Leaving on the Shri Amarnath Yatra on July 1 this year? On the pilgrimage, you cannot consume cold beverages, crunchy snacks, fried and fast food items, heavy sweets like jalebi and halwa, pooris, or chhola bhaturas.
The Shri Amarnath Ji Shrine Board has prohibited a number of foods in its yearly health advise for the rigorous yatra that could be harmful to the health of pilgrims on the journey.
In order to offer and sell food to the pilgrims and service providers, a comprehensive food menu has been established that will be applicable to Langar organisations, food stalls, shops, and other facilities that pop up in the yatra area. The purpose is to prevent pilgrims from consuming ‘unhealthy’ foods while enduring the difficult 14-km trip over alpine terrain and high altitudes.
In 2022, the Amaranth Yatra saw about 42 pilgrims pass away from natural causes. In order to keep pilgrims safe, the government has implemented measures such as installing oxygen booths and establishing hospitals at various points along the yatra route. They also insist that pilgrims must have a necessary health certificate.
Since last year, RFID tags have also been utilised to keep tabs on the yatris’ wellbeing. The health recommendation for this year is an additional measure to make sure pilgrims ‘feed correctly’ while on the trip in order to be in shape.
For religious reasons, the meal menu forbids the consumption of non-vegetarian cuisine, alcohol, tobacco, gutka, pan masala, smoking, and other intoxicants. Aerated cold drinks are also prohibited, however herbal tea, coffee, low-fat milk, fruit juices, lemon squash, and vegetable soup are permitted when travelling.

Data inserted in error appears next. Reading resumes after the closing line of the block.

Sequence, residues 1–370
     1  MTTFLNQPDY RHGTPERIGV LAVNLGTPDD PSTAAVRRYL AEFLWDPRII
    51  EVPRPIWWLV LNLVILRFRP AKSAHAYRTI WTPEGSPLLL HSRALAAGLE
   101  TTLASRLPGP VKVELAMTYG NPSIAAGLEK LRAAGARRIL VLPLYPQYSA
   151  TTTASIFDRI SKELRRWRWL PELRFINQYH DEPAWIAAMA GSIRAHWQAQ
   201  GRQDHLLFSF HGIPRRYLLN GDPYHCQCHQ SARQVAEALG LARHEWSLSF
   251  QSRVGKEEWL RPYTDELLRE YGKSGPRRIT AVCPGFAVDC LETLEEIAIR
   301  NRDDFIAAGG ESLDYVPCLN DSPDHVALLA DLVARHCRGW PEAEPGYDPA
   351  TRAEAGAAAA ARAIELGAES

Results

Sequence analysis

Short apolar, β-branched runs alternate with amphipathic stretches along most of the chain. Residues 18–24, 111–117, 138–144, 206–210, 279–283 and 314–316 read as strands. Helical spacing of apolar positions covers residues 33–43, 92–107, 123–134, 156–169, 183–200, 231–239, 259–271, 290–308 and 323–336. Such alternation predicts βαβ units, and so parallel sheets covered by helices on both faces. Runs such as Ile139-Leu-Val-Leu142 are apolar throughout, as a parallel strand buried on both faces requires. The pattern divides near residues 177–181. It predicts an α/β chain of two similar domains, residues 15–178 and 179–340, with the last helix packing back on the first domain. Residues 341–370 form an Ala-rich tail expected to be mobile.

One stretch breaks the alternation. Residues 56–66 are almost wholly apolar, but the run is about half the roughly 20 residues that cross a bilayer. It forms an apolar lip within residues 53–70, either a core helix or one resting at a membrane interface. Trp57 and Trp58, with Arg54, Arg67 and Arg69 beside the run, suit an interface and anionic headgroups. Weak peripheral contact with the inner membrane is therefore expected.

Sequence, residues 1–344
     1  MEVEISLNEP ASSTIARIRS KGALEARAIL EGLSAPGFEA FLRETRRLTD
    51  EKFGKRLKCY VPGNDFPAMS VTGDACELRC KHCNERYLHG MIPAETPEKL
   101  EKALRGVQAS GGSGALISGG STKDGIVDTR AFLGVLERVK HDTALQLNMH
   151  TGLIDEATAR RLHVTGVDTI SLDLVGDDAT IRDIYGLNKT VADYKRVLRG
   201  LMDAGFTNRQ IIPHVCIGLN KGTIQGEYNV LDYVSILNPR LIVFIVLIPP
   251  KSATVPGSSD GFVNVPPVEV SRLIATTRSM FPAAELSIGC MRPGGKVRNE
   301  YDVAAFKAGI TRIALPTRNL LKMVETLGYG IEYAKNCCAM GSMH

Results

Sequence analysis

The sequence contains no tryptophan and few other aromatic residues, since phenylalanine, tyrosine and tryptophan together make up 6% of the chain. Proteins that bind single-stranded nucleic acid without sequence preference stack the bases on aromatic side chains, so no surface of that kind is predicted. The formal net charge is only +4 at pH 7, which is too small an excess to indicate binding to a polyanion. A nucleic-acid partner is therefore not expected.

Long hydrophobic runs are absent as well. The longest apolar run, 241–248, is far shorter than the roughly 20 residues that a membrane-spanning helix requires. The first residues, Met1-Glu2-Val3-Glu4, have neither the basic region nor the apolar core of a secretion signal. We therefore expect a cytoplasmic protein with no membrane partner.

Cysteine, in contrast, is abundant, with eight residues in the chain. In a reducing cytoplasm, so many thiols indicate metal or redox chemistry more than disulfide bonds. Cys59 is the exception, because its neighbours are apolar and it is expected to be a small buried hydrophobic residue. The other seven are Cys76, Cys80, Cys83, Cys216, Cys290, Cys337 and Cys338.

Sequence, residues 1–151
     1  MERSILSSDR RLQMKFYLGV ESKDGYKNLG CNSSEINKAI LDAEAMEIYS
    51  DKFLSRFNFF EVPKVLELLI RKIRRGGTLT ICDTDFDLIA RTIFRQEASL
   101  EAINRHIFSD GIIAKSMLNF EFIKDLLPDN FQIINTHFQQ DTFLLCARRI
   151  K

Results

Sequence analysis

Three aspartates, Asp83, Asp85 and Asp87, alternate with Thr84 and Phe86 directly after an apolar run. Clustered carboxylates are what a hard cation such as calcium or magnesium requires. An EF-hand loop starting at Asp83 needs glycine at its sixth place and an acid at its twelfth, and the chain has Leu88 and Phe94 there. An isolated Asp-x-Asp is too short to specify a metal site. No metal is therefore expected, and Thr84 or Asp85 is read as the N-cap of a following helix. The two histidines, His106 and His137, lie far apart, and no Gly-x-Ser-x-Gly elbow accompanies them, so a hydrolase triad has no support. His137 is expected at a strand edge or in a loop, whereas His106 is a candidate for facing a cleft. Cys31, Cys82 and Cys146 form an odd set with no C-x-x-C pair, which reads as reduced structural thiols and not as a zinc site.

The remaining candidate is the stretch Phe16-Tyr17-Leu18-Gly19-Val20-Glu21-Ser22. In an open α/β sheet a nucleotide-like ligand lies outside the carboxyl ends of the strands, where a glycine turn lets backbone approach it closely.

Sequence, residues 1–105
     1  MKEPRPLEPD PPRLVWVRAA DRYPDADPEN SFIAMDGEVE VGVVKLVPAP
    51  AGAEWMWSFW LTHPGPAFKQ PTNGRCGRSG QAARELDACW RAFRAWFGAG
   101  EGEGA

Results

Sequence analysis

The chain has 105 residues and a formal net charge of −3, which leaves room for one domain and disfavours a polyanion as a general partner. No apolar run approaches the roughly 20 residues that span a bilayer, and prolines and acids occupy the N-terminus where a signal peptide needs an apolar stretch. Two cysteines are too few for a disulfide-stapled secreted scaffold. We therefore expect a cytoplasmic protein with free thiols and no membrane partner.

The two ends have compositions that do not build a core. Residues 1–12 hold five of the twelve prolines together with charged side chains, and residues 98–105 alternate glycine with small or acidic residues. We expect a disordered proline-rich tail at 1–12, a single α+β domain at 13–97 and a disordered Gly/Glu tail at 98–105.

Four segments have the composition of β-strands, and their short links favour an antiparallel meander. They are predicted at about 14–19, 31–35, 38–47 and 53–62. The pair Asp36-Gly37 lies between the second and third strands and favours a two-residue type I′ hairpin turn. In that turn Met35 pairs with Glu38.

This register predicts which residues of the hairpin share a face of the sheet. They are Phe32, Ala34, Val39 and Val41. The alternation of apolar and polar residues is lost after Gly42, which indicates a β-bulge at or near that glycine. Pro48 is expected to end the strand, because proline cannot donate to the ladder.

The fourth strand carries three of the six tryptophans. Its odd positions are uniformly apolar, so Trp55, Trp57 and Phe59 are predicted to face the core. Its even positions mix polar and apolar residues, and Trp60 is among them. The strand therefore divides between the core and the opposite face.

Fried rice is not allowed, but regular rice and light fare like roasted chana, poha, uthappam, idli, dal-roti, and chocolate are. Oats, dried fruits, honey, kheer, and boiled sweets are acceptable. However, heavier foods such as chhola-bhatura, pooris, pizza, burgers, dosas, and chowmein are not permitted on the way to the Amarnath holy cave.
All halwai foods, including halwa, jalebi, gulab jamun, ladoos, barfi, and rasgullas, as well as salty and fatty crunchy snacks, as well as much-liked goods like Kurkure and namkeen combinations, have been excluded from the food menu. Samosas and pakoras are strictly forbidden as well.
Along with shops and food stalls that appear on the journey, food is provided at numerous langars at various sites along the course of the yatra.